Nobody has blinked, so today Walmart starts its ban on Visa cards at three stores in Thunder Bay, Ontario. While the two giants have been skirmishing for a while, some retail observers had hoped a settlement could have been reached by now. The following article outlines the dispute.
MONTREAL ¬– Walmart’s threat to ban the use of Visa cards at its Canadian stores gets underway today in the northwestern Ontario city of Thunder Bay. After months of negotiations, the retailing giant is eliminating Visa as a payment option at three stores in Thunder Bay, vowing to roll it out to its 400 locations in Canada. Walmart hasn’t disclosed when that rollout will begin.
Despite the impasse, Walmart says it remains optimistic that an agreement will eventually be reached with Canada’s largest credit card company. Visa, meantime, says it will do everything “reasonable” to ensure Canadians can use their Visa cards everywhere they want to shop, including at Walmart stores.
Visa last month accused Walmart of using consumers as pawns in its battle over merchant fees with its threat to ban the popular credit card. Walmart says it pays more than $100 million in fees annually for customers using credit cards like Visa, MasterCard and Discover. Visa defended itself, saying it offered Walmart one of the lowest rates of any merchant in Canada. But it said the world’s largest retailer wanted more ¬¬ costs that would be lower than local groceries, pharmacies, convenience stores, charities and schools.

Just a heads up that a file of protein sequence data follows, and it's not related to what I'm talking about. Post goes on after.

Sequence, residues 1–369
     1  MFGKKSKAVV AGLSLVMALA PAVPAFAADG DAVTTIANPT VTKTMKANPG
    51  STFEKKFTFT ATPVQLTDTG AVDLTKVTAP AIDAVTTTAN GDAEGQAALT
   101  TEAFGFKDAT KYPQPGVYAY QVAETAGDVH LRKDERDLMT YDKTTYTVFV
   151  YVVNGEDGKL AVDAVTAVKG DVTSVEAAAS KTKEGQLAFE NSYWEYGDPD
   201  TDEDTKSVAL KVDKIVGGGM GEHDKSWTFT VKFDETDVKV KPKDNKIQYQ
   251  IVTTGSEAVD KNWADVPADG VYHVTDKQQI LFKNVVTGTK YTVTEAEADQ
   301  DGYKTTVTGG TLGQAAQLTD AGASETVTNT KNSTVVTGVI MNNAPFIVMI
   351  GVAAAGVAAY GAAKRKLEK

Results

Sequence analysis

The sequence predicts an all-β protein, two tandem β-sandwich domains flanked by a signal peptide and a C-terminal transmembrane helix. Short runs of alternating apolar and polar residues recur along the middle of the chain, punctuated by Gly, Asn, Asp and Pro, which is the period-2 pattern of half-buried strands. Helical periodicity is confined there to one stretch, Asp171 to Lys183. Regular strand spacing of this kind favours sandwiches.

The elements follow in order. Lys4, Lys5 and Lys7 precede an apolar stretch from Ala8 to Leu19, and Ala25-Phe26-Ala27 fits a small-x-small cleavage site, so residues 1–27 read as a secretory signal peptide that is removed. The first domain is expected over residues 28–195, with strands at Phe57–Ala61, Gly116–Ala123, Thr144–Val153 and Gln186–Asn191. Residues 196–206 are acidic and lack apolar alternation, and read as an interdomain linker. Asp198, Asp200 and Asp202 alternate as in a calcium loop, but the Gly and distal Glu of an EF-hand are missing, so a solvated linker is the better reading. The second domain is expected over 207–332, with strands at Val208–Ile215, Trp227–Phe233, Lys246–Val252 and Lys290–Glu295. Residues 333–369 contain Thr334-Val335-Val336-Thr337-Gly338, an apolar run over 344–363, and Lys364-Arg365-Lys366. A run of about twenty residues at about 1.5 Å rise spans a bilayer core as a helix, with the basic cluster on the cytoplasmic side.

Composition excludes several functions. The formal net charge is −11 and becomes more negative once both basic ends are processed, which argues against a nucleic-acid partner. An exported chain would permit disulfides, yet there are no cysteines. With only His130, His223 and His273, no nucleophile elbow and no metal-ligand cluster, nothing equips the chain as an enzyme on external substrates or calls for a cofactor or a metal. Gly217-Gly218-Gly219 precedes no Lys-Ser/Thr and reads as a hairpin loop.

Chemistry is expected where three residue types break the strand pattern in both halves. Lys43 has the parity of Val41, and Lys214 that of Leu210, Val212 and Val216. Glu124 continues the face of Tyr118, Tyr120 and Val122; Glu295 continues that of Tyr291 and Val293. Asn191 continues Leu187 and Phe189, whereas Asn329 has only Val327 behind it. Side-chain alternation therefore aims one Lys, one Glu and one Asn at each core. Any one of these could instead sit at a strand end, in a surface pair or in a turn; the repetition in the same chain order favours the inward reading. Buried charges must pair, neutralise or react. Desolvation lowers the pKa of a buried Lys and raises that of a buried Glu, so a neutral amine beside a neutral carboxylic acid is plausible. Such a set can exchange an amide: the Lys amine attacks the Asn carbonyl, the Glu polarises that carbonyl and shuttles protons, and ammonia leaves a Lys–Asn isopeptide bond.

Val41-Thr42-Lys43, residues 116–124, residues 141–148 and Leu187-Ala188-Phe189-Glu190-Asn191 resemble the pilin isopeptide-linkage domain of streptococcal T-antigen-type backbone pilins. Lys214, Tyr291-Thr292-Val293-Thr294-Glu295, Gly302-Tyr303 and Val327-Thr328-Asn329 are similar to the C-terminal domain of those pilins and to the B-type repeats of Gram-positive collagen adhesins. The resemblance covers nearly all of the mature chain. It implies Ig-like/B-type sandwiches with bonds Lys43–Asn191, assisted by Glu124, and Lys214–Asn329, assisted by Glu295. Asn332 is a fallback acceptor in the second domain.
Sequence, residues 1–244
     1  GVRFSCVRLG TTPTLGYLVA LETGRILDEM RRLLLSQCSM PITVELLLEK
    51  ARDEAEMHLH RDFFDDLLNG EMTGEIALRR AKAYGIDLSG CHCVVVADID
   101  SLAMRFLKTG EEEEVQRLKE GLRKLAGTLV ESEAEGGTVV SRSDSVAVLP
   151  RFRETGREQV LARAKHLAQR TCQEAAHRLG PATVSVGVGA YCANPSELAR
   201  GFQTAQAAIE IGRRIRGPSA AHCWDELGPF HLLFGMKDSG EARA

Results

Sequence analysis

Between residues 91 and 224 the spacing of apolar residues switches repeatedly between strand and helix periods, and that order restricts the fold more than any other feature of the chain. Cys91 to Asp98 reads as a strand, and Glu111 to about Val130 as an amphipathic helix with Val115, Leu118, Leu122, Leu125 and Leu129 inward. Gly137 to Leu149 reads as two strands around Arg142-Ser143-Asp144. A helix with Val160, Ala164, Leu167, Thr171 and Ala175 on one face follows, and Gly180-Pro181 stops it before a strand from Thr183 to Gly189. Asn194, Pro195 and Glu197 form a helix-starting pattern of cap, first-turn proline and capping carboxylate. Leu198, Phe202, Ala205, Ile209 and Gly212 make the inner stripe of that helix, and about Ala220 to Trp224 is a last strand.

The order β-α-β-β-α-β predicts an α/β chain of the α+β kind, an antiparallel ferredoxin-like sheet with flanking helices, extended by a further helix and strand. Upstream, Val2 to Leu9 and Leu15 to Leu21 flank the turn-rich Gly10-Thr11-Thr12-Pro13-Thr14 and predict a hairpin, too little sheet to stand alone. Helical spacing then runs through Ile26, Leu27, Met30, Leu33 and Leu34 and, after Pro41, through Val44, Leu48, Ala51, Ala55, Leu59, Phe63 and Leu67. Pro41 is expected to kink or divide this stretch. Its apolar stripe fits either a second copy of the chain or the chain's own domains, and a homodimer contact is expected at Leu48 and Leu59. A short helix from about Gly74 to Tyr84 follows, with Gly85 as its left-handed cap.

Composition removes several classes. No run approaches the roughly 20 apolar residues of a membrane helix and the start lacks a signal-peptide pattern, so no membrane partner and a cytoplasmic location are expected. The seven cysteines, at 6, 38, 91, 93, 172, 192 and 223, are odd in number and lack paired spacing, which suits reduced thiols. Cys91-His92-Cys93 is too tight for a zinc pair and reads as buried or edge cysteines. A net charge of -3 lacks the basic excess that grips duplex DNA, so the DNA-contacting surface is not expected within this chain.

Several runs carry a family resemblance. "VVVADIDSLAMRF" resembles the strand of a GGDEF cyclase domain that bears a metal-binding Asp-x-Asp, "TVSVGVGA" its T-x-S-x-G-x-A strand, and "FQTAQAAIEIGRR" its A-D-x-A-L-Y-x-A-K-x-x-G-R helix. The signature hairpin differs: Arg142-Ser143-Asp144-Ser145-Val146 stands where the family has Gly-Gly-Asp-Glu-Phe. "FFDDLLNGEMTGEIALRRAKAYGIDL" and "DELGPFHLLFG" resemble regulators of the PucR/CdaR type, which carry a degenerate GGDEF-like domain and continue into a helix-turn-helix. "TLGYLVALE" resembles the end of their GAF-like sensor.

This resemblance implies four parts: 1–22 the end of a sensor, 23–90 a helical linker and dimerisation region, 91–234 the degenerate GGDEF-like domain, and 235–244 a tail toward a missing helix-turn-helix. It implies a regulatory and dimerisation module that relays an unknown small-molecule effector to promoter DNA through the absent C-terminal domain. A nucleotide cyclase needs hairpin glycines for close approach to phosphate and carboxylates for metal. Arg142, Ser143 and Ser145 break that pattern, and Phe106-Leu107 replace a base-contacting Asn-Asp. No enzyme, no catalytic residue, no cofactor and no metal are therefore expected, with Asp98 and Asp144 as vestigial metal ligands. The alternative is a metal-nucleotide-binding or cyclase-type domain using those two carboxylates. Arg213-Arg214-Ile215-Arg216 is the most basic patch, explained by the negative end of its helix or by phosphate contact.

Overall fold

The Retail Council of Canada has called on the federal government to intervene to mandate lower fees for all merchants. A spokesman for Finance Minister Bill Morneau says he’s waiting to receive a report on a 2014 voluntary 10% fee reduction by Visa and Mastercard before deciding “how we can ensure this market stays competitive in the future.” A recent poll suggested Walmart was winning the public relations battle with Visa ¬¬ but with a potential cost.
Both sides have dug in their heels in this battle of the payment fees. Walmart appears to have chosen these three Ontario stores to test the waters with its customers as well as to fire a salvo across the bow of Visa. There are another 400 Walmart stores in Canada that will be phased into this ban. Walmart and Visa both have bargaining chips on the table and are prepared for the long haul. Hopefully an agreement can soon be reached so that payment choice decisions can be made by the missing stakeholders in this dispute—the paying customers.
Overview by Raymond Pucci, Associate Director, Research Services at Mercator Advisory Group
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